Due to these realities, states across the country, including Texas expect to see a substantial increase in vote by mail ballots cast in the November 3, 2020 general election. Vote by mail ballots, or absentee mail ballots, allow at-risk individuals to avoid potentially life-threatening circumstances while also exercising their civic duty. Recognizing that reality led Gov. Abbott to make a proclamation on July 27, 2020 suspending sections of the Texas Election Code and providing additional flexibility to voters casting ballots. Gov. Abbott’s subsequent October 1, 2020 proclamation substantially undermines that flexibility and as discussed below, endangers the lives of The Lincoln Project supporters attempting to cast their ballots.
B. Traditional Republican history of expanding voting rights and access to the ballot.
Beginning with the Republican Party’s first president, and The Lincoln Project’s namesake, the Republican Party historically fought to expand equal rights, including at the ballot box. In the aftermath of the Civil War, Republicans sponsored and passed three constitutional amendments during Reconstruction: the Thirteenth Amendment (prohibiting slavery), the Fourteenth Amendment (barring states from denying equal protection of the laws), and the Fifteenth Amendment (dictating that the right to vote cold not be denied on the basis of race). A half century later, Republicans were critical to passing the Nineteenth Amendment (prohibiting disenfranchisement based on sex).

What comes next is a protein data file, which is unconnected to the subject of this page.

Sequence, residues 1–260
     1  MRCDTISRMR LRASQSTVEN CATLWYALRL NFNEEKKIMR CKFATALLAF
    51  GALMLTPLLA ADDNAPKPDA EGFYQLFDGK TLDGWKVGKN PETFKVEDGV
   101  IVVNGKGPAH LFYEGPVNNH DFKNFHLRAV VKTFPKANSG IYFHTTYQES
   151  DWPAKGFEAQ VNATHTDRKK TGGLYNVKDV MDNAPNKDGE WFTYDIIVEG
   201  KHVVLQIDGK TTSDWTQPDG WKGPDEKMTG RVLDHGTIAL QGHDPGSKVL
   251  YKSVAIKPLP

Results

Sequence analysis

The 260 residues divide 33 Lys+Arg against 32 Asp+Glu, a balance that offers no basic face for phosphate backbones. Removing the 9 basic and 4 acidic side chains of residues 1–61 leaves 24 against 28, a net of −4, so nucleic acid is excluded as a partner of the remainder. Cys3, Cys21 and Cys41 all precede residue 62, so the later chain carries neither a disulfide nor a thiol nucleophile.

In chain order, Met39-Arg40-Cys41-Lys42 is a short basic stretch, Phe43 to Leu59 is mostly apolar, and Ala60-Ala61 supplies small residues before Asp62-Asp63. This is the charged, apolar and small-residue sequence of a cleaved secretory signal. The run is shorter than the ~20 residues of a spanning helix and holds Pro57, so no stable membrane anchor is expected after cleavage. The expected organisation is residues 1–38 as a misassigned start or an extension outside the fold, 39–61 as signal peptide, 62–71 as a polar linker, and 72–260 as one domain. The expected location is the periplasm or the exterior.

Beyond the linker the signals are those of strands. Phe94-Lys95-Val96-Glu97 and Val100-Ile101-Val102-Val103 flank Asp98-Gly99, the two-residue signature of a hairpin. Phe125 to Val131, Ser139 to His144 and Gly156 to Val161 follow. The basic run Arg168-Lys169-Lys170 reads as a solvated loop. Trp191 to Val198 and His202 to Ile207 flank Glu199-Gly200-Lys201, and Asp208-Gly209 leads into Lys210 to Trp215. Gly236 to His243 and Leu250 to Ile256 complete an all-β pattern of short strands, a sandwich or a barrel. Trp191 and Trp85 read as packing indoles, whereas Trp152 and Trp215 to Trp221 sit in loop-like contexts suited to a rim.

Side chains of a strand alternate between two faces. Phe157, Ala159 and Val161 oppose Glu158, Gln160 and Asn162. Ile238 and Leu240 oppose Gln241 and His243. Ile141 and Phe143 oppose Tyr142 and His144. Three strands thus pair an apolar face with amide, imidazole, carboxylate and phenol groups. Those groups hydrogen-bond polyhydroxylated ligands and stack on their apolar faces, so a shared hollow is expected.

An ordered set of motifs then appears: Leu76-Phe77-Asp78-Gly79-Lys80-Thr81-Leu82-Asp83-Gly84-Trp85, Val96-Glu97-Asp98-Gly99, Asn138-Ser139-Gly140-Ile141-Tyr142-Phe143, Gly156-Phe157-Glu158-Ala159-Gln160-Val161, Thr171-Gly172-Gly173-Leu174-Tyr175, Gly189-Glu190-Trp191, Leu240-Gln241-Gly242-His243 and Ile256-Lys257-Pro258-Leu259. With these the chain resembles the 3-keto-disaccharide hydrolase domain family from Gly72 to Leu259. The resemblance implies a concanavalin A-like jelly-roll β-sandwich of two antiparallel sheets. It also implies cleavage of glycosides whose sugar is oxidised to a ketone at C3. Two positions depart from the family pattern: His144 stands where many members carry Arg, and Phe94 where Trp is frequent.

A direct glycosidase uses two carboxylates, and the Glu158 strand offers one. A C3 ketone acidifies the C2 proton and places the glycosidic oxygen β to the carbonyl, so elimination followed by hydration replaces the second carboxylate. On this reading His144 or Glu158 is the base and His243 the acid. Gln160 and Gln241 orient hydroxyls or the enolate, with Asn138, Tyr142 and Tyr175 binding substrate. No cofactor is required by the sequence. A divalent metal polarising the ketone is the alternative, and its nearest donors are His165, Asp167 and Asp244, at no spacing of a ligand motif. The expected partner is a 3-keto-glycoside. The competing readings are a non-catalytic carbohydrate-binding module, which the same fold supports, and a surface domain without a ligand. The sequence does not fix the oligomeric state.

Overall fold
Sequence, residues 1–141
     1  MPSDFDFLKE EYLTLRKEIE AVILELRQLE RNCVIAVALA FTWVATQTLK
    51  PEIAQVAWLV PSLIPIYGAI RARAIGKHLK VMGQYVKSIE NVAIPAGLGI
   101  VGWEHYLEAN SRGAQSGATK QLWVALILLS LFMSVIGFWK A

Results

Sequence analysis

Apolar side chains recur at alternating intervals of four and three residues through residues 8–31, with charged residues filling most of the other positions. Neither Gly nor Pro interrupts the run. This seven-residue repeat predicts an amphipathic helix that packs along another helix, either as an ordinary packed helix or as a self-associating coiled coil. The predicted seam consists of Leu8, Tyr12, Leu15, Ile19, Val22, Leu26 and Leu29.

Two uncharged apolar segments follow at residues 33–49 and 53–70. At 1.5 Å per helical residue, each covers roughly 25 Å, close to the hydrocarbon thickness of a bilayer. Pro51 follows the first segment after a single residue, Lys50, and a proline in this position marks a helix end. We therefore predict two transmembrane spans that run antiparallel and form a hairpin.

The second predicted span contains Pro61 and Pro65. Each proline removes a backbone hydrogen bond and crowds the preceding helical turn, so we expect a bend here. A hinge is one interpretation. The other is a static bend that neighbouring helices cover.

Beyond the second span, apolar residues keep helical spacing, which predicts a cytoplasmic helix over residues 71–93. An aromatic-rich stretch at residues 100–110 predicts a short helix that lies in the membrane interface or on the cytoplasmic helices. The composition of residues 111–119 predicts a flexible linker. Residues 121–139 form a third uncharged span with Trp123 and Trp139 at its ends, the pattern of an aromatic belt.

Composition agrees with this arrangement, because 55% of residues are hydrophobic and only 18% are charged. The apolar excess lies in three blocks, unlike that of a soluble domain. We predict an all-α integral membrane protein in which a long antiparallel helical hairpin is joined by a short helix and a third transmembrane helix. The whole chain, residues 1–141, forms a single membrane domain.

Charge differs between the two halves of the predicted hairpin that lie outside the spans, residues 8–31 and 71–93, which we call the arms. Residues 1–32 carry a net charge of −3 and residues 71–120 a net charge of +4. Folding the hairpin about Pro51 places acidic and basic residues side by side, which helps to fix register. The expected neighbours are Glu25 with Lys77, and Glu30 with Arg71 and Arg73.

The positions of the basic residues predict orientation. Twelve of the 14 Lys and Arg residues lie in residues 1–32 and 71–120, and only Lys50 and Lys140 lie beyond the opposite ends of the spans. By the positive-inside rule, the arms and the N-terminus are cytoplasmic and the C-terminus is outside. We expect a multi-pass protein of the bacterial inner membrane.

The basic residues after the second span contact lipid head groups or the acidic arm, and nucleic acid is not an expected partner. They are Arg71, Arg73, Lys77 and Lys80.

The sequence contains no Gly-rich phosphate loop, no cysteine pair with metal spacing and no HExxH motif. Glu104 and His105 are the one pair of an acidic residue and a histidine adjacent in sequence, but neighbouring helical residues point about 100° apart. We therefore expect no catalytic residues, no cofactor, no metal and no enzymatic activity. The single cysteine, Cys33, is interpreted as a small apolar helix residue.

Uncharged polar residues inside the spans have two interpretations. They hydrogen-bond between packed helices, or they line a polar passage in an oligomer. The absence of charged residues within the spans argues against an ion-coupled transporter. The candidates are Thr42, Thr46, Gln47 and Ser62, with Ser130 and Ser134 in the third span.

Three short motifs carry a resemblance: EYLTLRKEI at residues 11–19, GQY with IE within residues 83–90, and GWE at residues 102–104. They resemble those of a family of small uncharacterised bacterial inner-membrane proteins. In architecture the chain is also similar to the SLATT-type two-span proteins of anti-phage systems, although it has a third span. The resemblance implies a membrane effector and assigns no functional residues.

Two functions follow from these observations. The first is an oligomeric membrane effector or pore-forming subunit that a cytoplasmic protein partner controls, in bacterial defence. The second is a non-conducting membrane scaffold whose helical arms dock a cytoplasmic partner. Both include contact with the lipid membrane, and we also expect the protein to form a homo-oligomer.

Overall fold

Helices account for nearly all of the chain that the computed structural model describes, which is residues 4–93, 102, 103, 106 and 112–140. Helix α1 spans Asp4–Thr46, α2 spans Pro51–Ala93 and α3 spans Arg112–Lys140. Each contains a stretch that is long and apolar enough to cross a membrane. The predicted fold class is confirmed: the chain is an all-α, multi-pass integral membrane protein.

Of course, the rights guaranteed by those constitutional provisions still needed to be vindicated and Republicans traditionally stood at the vanguard. For example, Republicans aided the effort of future U.S. Supreme Court Justice Thurgood Marshall when he challenged the Democratic Party’s “white primary” in Texas. Considered by Justice Marshall as the most
It is in that proud tradition that The Lincoln Project have engaged in their efforts to help register, educate, and inform Texans seeking to cast their ballots. It is in that tradition of expanding access to the ballot that The Lincoln Project files this amicus curiae brief in support of Plaintiffs’ prayer for declaratory and injunctive relief.
C. The Lincoln Project.
Founded less a year ago, The Lincoln Project grew swiftly in prominence among conservatives as it harnessed the sentiments of Republicans and former Republicans disaffected by the current administration and Congressional enablers. Best known for producing powerful videos and commercials, The Lincoln Project has supplemented those efforts with a substantial field operation in targeted states, including Texas.